A Royal Navy submariner who claimed that security and safety procedures around the Trident nuclear programme mean it could be "infiltrated by a terrorist" has said he will hand himself over to the authorities.

Military and civilian police are working to locate Able Seaman William McNeilly, who went absent without leave last week after producing an 18-page report containing a series of allegations about the Trident submarines base on the Clyde.

His report alleged 30 safety and security flaws on the submarines, describing it as a "disaster waiting to happen".

The Royal Navy said the Trident submarine fleet operated "under the most stringent safety regime".

Speaking to the BBC, Mr McNeilly said: "I'm not hiding from arrest; I will be back in the UK in the next few days and I will hand myself in to the police.

"Prison - such a nice reward for sacrificing everything to warn the public and government.

"Unfortunately that's the world we live in. I know it's a lot to sacrifice and it is a hard road to walk down, but other people need to start coming forward."

An official investigation has been launched after he raised his concerns in an internet post.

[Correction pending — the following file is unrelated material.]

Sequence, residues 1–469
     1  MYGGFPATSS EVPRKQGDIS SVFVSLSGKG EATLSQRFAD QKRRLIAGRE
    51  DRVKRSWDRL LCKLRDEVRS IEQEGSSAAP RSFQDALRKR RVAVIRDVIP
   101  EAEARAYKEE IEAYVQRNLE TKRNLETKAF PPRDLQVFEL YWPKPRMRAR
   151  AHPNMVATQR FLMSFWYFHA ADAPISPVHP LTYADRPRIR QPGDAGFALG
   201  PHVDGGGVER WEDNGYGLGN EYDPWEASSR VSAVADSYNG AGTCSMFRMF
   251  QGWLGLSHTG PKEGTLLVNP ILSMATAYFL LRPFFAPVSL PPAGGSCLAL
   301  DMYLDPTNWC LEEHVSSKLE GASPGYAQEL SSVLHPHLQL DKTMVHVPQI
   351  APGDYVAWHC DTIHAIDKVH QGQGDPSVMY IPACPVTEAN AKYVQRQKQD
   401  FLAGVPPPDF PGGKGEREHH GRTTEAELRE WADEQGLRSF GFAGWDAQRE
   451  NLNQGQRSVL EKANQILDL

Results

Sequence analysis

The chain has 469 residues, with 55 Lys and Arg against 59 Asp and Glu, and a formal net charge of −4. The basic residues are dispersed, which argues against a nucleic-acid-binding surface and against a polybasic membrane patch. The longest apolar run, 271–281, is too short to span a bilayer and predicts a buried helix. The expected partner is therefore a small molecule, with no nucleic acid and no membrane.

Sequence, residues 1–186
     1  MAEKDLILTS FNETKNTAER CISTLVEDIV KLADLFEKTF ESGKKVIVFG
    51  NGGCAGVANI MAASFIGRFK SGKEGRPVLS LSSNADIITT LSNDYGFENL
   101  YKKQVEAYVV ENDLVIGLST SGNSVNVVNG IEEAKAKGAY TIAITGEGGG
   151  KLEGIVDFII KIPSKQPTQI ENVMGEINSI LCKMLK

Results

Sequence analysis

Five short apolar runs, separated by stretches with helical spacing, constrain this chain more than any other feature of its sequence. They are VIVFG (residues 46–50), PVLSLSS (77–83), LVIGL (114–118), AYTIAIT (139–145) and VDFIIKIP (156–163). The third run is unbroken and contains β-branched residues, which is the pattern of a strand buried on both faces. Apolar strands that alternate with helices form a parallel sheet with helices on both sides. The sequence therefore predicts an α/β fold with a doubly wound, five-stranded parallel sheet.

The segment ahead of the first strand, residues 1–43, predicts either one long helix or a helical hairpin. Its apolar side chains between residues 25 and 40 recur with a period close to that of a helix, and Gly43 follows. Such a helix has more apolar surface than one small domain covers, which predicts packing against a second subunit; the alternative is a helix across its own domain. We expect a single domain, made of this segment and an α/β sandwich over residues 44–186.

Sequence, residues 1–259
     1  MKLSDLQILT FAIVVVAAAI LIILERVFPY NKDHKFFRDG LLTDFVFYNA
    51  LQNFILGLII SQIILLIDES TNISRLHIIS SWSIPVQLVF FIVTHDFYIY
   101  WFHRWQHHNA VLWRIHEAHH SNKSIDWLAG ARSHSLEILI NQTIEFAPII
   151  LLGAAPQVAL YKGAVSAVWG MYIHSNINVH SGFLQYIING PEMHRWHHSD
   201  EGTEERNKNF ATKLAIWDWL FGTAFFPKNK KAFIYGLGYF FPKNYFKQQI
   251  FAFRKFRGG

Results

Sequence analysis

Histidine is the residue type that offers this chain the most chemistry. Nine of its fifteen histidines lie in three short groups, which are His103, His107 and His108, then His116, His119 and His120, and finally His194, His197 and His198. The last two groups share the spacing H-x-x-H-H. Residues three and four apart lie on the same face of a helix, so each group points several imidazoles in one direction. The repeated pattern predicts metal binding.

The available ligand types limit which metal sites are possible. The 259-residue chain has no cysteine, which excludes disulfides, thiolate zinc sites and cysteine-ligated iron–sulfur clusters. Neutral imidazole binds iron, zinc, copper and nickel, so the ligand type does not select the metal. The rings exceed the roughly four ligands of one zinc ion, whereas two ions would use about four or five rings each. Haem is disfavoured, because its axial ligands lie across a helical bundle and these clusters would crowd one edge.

In the post, which was also sent to newspapers and journalists, he said he is an Engineering Technician Submariner who was on patrol with the Trident submarine HMS Victorious this year.

He claimed there are fire risks and leaks on board and that security checks are rarely carried out on personnel and contractors working on the submarines when they are docked at Faslane.

He also alleged that alarms had been muted because they went off so often, missile safety procedures had been ignored and top-secret information was left unguarded.

Mr McNeilly, originally from Newtownabbey, Co Antrim, said he raised concerns with senior officers but decided to publish his claims because they were ignored.

He wrote: "Our nuclear weapons are a target that's wide open to attack.

"It is just a matter of time before we're infiltrated by a psychopath or terrorist."

The Royal Navy said it is "concerned for Mr McNeilly's whereabouts and well-being", and confirmed military police are working with civilian police officers to find out where he is.

The Navy said many of the claims are "subjective and unsubstantiated personal views, made by a very junior sailor, with which the naval service completely disagrees".

A spokeswoman said: "The Royal Navy takes security and nuclear safety extremely seriously, and we are fully investigating both the issue of the unauthorised release of this document and its contents.

"The naval service operates its submarine fleet under the most stringent safety regime and submarines do not go to sea unless they are completely safe to do so."

Asked whether David Cameron had any concerns about the safety of the Trident subs, the Prime Minister's official spokesman said: "As with all defence equipment, they only operate where we believe the right standards are in place."